Posted in Industry September 11, 2018
How the New Regulation Will Help Shape the Online Gaming Environment in Sweden
Sweden is known for having a thriving online gaming industry, with some of the top global gaming brands originating from the country. However, until recently, the country was considered a “grey market” with weak regulations and little enforcement against offshore operators targeting Swedish players. Now, the Swedish Parliament has passed new regulations unanimously, aiming to transform the market from an unregulated “grey” space to a modern and fully regulated environment.
Before the regulations were implemented, the market was dominated by two gaming monopolies, Svenska Spel and ATG, controlling 58% of the market share in 2017. These companies aired their concerns but were unable to stop the regulation process. Two significant developments, the success of Denmark’s regulated market and low tax rates at 18%, paved the way for Sweden to follow suit with their own regulated market. The tax will apply to gross gaming revenue (GGR) without putting too much burden on the government. Additionally, the government predicted that regulation could lead to 90% of online gaming customers entering licensed environments.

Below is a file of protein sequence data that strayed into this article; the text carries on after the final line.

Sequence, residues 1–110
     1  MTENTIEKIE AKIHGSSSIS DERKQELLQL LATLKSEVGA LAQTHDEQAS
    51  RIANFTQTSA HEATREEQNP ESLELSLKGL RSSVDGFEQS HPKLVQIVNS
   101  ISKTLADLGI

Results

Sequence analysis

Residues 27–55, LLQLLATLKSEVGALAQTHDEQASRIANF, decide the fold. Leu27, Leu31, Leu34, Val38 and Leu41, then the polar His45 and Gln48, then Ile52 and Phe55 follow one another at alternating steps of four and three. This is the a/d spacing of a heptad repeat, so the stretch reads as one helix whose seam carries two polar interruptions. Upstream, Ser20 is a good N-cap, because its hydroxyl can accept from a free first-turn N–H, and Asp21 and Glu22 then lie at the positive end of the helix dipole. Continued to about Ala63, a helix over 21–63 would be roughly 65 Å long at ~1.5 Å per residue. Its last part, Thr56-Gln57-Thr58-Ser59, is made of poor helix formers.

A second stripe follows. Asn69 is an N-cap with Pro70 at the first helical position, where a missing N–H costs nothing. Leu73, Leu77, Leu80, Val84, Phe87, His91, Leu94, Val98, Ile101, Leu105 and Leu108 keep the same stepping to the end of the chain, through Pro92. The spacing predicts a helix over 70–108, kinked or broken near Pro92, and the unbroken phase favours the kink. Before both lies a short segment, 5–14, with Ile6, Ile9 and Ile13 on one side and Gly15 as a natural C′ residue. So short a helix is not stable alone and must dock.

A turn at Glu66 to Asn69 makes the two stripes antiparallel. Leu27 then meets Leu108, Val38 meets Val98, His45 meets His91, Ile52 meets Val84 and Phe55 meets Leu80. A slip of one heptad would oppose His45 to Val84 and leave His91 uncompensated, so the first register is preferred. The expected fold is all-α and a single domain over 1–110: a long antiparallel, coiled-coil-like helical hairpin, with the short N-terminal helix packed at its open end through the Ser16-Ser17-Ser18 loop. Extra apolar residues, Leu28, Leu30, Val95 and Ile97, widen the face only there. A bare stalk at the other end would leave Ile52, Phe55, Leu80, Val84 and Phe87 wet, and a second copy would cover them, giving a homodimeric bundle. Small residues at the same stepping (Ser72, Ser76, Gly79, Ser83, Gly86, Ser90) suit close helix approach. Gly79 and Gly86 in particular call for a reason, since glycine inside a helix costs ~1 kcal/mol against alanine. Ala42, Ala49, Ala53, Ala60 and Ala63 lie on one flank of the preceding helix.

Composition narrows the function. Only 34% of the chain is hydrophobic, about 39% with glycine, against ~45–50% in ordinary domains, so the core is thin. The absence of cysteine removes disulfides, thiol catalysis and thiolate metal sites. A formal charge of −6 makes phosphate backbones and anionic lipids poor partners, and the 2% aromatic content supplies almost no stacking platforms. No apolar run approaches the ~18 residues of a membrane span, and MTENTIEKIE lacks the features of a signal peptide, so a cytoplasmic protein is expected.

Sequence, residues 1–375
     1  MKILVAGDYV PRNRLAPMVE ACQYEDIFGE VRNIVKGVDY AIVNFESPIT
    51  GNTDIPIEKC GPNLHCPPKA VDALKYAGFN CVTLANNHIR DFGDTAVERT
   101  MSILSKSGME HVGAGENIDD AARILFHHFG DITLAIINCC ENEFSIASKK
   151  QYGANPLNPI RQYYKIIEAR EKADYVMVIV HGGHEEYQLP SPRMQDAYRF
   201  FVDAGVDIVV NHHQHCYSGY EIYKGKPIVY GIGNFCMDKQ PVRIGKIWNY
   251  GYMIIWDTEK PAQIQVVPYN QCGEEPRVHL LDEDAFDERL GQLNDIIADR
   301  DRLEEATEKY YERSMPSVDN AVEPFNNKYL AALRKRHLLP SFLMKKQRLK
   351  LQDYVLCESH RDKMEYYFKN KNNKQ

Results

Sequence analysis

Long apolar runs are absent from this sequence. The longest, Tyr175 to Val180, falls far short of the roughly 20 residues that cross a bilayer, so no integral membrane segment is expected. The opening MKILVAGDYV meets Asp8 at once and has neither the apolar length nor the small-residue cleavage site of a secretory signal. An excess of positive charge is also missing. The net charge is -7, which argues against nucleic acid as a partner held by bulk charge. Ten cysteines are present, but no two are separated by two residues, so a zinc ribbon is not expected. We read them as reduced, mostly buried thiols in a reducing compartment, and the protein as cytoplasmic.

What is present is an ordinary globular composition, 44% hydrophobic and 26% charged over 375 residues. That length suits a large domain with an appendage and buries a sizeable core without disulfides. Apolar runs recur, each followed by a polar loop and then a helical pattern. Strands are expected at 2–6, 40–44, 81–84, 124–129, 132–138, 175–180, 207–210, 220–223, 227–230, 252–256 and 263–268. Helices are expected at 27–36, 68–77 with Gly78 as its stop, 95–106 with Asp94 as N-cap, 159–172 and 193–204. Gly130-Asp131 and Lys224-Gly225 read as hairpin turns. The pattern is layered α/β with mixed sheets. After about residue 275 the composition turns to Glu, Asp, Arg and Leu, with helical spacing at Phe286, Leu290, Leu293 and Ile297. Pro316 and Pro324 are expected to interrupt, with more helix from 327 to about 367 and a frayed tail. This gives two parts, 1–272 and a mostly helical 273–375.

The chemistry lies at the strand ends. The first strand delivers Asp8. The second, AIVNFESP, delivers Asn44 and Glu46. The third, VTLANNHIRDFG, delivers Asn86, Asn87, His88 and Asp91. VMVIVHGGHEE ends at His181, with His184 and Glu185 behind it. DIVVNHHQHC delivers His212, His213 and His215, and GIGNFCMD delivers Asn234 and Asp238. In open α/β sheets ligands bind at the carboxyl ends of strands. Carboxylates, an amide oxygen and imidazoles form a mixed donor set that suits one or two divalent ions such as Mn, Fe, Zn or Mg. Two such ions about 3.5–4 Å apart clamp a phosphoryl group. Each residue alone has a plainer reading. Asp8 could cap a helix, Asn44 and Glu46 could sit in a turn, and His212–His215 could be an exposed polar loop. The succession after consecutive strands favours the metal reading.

The new regulations are scheduled to start in January 2019, with license applications beginning in July 2018. The Swedish Government is requesting all applicants to comply with Swedish rules and regulations. The new regulations aim to prevent unlicensed operators from accessing the market and introduce tighter penalties for unlawful gambling and fraud.
The industry is hopeful about the new regulations and expected earnings that could come as a result. The Danish regulated market is considered a good benchmark, and Swede predictions in innovation and affiliate partnerships are suggested for a fully regulated Swedish gaming environment, much like Denmark. This fully regulated Swedish gaming market is expected to lead to innovations, the creation of new affiliations, payment solutions and new platform providers.